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#1337494 - 12/30/09 10:51 PM Circle of Fifths question  
Joined: Aug 2009
Posts: 254
HappyApple Offline
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HappyApple  Offline
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Joined: Aug 2009
Posts: 254
Tennessee, USA
What do the /notes mean? All I can figure is that they are 6ths confused

And it seems like someone was starting a new place to post pictures; but I couldn't find it in any of the forums?

http://farm5.static.flickr.com/4062/4230347754_142cfdd1c7.jpg


Last edited by HappyApple; 12/30/09 10:56 PM.

“Some people stay far away from the door if there’s a chance of it opening up. They hear a voice in the hall outside and hope that it just passes by.” Billy Joel

1970 Baldwin Hamilton
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#1337495 - 12/30/09 10:54 PM Re: Circle of Fifths question [Re: HappyApple]  
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keystring Offline
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keystring  Offline
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Is this the link you are trying to post? this link?

#1337498 - 12/30/09 10:56 PM Re: Circle of Fifths question [Re: keystring]  
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jotur Offline
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The small letter after the slash is the relative minor - the minor key that has the same key signature as the major key, which is printed in capital letters.

Cathy



Cathy
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#1337526 - 12/30/09 11:18 PM Re: Circle of Fifths question [Re: jotur]  
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HappyApple Offline
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HappyApple  Offline
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Thanks Cathy. That cleared that up!

I have posted pictures, not links, before. Now I don't know how. Getting old, I guess?


“Some people stay far away from the door if there’s a chance of it opening up. They hear a voice in the hall outside and hope that it just passes by.” Billy Joel

1970 Baldwin Hamilton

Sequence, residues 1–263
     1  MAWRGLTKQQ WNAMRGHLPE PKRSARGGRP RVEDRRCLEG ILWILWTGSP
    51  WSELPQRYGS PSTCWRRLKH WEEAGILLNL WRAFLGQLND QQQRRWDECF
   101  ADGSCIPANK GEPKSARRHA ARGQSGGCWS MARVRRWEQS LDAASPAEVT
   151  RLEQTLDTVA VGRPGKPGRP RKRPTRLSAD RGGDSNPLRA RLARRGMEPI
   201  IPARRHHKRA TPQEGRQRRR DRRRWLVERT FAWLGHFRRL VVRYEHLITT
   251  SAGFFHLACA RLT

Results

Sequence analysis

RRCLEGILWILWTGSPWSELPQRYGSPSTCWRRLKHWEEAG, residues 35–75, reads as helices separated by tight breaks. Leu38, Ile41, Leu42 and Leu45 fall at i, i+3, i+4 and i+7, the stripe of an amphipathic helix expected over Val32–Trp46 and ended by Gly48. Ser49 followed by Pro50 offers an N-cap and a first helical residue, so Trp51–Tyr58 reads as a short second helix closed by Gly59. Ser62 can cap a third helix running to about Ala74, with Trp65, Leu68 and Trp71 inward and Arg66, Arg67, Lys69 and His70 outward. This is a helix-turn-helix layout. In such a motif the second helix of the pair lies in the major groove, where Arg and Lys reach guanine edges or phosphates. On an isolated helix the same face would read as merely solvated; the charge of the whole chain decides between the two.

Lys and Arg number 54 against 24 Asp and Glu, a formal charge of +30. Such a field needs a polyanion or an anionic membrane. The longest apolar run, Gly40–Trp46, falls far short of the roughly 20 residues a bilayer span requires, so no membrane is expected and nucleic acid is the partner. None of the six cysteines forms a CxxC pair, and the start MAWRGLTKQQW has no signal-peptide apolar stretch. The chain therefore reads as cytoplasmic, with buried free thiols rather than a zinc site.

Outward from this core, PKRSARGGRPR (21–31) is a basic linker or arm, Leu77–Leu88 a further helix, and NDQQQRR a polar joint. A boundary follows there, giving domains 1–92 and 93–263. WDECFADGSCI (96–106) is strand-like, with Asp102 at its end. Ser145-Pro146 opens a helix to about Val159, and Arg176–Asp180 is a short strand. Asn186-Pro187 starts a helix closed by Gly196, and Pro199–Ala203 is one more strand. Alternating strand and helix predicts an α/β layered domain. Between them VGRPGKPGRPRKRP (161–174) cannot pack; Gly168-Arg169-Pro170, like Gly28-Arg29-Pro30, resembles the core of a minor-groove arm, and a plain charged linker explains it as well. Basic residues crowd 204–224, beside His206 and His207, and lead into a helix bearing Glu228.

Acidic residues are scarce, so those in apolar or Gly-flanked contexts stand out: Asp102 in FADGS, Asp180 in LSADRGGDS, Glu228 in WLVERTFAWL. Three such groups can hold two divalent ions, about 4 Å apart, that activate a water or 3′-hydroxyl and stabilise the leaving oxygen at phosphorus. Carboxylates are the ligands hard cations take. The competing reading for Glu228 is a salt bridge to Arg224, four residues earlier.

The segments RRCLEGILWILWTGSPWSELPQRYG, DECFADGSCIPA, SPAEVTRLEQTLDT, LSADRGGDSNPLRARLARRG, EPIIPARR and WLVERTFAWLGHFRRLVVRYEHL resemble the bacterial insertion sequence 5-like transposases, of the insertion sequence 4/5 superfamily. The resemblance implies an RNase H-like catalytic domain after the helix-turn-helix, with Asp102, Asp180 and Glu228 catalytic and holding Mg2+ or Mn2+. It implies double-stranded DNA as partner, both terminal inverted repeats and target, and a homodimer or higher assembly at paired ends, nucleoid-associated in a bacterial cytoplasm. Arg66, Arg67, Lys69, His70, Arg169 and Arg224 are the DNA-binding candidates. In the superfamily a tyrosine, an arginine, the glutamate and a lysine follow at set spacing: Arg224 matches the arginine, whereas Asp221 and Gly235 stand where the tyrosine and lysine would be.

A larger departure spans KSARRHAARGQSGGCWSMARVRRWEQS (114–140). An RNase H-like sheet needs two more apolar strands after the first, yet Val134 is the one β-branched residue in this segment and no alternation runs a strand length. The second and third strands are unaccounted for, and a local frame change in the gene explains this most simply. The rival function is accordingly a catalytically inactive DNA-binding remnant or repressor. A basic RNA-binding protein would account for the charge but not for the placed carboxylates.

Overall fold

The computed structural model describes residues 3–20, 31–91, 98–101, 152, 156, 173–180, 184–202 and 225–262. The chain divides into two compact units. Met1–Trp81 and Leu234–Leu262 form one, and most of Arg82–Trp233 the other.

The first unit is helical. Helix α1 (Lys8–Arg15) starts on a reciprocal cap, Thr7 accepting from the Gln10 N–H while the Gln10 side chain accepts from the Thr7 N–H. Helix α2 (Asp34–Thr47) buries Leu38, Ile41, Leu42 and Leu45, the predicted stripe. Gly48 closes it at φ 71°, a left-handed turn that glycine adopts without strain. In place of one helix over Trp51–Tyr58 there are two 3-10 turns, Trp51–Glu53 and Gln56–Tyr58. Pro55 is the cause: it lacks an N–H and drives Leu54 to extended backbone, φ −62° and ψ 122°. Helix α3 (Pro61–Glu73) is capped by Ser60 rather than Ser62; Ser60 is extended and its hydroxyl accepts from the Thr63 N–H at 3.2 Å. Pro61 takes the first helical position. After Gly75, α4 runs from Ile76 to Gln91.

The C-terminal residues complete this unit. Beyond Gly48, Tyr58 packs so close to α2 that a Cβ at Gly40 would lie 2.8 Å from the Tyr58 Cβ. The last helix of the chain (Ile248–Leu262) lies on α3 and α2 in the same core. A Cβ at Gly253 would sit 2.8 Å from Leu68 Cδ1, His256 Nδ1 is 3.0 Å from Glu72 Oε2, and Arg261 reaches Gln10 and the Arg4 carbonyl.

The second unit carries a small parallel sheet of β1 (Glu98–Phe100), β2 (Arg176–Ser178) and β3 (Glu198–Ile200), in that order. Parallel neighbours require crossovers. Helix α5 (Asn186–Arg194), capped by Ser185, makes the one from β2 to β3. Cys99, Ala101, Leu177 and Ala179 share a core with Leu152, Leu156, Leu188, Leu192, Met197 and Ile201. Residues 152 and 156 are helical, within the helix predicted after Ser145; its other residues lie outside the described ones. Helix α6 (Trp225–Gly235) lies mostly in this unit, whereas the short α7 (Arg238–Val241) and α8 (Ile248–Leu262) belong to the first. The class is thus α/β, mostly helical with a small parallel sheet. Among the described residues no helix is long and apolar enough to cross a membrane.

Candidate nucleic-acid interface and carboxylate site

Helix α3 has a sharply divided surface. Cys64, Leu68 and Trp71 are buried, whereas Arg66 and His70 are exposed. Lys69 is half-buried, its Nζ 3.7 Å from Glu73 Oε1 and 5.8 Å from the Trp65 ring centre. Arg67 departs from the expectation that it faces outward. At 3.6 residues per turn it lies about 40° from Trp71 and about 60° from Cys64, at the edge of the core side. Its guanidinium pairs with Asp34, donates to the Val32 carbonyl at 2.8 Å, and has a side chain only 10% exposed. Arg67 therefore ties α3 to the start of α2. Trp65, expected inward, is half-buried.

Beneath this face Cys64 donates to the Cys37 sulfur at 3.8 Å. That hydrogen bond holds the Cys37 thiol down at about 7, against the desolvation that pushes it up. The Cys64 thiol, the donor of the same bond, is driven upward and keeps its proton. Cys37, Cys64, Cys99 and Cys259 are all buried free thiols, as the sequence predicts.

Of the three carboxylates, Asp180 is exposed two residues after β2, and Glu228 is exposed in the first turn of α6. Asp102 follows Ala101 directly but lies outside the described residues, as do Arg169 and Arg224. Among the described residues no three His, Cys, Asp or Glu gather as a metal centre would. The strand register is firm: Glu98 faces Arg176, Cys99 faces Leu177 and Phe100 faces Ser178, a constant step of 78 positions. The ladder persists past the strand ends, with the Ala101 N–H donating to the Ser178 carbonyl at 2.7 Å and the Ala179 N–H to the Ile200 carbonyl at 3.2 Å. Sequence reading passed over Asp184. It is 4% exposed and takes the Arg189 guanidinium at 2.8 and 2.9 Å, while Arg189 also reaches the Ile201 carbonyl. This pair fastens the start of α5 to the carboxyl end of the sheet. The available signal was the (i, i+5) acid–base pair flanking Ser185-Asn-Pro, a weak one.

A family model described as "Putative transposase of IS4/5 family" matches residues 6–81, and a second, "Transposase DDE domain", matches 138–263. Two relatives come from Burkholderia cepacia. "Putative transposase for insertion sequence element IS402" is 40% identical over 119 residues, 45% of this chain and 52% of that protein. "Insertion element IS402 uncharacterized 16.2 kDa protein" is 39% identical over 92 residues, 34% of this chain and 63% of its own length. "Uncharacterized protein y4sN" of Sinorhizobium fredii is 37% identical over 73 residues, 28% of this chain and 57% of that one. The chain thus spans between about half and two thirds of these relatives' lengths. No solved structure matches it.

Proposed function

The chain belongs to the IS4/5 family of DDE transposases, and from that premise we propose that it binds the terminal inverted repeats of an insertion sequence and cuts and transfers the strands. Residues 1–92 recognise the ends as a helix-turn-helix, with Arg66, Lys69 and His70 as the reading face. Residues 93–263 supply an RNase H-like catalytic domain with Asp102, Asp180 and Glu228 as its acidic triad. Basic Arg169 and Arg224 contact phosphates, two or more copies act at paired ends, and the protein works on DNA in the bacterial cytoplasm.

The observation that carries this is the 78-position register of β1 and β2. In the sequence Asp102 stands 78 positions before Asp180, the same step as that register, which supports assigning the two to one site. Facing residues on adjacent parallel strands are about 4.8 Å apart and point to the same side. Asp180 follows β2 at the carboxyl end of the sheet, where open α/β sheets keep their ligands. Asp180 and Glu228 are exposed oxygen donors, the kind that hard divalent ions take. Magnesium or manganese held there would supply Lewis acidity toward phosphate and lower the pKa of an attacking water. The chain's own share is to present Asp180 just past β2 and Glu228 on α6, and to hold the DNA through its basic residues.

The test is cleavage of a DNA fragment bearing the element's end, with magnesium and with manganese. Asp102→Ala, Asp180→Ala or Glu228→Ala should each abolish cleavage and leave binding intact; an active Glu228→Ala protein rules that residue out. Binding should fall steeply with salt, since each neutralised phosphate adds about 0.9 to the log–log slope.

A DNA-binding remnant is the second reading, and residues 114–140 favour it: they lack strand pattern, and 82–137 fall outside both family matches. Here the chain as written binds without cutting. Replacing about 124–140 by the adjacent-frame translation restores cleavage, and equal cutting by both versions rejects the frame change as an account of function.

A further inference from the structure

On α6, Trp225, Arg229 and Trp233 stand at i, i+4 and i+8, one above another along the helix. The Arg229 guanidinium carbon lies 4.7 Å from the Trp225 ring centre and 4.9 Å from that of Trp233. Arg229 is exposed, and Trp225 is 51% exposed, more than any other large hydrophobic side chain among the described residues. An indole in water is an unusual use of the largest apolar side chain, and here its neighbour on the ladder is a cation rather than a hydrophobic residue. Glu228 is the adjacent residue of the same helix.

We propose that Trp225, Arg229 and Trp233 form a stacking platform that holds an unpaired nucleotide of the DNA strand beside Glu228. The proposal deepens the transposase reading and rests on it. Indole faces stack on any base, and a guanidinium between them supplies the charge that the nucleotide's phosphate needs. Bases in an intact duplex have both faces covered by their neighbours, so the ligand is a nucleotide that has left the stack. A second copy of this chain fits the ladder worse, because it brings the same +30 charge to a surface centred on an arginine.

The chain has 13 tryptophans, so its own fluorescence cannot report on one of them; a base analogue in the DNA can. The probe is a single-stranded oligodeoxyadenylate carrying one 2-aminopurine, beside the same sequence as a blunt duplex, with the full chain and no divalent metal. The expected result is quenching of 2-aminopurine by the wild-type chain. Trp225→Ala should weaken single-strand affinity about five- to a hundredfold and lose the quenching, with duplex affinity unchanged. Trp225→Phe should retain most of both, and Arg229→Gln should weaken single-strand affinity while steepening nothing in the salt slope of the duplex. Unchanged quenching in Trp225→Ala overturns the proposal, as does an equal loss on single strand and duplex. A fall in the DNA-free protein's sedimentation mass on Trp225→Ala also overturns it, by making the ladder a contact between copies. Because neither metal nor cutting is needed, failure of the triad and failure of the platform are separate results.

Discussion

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#1337592 - 12/31/09 01:15 AM Re: Circle of Fifths question [Re: HappyApple]  
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HappyApple Offline
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HappyApple  Offline
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And that is the 'natural' minor; not the harmonic minor...right? And is there a simple rule to knowing the scales of a minor key? I know you take the 3rd note down a half step. is it a rule to take the 6th and 7th down a half step also. I am getting a little confused. I'm not even sure why I need to know this. But I imagine it is VERY useful down the road somewhere. Thanks


“Some people stay far away from the door if there’s a chance of it opening up. They hear a voice in the hall outside and hope that it just passes by.” Billy Joel

1970 Baldwin Hamilton
#1337647 - 12/31/09 05:23 AM Re: Circle of Fifths question [Re: HappyApple]  
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mahlzeit Offline
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No idea what chords you are playing? Reverse Chord Finder Pro will tell you!
#1337650 - 12/31/09 05:28 AM Re: Circle of Fifths question [Re: HappyApple]  
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mcasl Offline
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To form the scales follow these patterns: (W: whole step, h:half step)
  • Natural minor: W h W - W - h W W
  • Harmonic minor: W h W - W - h (W+h) h
  • Melodic minor:
    • Ascending: W h W - W - W W h
    • Descending: W W h - W - W h W (from 8th to 1st grade)


Notice that the minor modes for a key all share the same signature, i.e., to write in a harmonic minor key you use the natural minor signature and then add as many accidentals as needed.


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#1337663 - 12/31/09 06:51 AM Re: Circle of Fifths question [Re: HappyApple]